It is important to update the version number for two reasons.
First, you can track and map the features that were introduced in each version, and second, you will be aware of the version they are using should they need to do some troubleshooting or to contact you for support. If you are building a mobile app, the version number you are updating in this step is usually displayed on the user end, in the About section or in Google Play or Apple App Store.This step is also a good opportunity to update environment-dependent-configuration files (although I’d suggest keeping those in a separate repository), such as making the branch point to the production database, or any other tweaks needed on the build process.
Finally, it is recommended that you push the release branch to origin, so it is available for your other developers:
$ git push -u origin release/x.y.z
3a. Merge release branch to master and tag it
Only the master branch should be deployed for production, thus in this step, we need to merge the releasebranch into master.
$ git checkout master $ git merge --no-ff release/x.y.z $ git push
--no-ff flag is optional, however, its use is recommended in order to force the creation of a new commit object, even though the merge can be completed using the fast-forward technique.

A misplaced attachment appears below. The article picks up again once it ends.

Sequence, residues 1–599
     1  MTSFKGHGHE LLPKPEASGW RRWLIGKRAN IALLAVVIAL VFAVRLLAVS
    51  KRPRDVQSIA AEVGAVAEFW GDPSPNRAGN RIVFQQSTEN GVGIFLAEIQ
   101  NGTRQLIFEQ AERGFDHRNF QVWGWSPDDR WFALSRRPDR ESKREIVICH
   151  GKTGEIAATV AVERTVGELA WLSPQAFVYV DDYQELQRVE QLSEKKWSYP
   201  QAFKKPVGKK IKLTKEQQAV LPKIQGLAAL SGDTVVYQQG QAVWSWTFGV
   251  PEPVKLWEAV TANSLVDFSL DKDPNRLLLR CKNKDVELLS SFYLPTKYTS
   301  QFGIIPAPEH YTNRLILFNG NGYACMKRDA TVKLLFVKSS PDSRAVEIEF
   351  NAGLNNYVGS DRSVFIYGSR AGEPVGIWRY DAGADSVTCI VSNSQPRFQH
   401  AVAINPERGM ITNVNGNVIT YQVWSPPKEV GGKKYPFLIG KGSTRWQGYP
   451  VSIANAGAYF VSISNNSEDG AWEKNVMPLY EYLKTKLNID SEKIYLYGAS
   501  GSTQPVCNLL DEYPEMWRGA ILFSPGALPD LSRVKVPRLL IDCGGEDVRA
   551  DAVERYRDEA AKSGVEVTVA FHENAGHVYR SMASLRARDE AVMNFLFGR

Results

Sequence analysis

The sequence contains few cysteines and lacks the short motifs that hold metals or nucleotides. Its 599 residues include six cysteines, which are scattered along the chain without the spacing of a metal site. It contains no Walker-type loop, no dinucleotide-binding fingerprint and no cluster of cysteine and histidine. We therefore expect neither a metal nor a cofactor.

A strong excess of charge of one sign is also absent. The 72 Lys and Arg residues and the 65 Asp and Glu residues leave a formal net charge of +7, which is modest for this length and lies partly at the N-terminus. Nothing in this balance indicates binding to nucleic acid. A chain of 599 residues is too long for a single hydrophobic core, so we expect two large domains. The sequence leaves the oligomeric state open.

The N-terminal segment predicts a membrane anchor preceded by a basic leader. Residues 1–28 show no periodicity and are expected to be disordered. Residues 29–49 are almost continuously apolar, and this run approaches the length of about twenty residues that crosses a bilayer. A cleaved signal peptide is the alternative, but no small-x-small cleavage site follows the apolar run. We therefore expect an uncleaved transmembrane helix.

Next, it is time to tag the release on master branch:
$ git tag -a x.y.z -m 'description of new version, features or fixes included'
Tags are useful because you are persisting this specific point in history in the git repository, and you can come back later to recreate a separate branch off a particular tag.
3b. Use a pull request to merge the release branch
Another alternative used often, is to use a pull request to merge the release branch into master.
There are numerous advantages to this approach. A new space is created for collaboration, which the team can use to discuss various release-related issues. This point is a good time to add an extra gate for incorporating a code review process, while having more eyeballs to monitor the code that will be introduced, and to discuss potential modifications.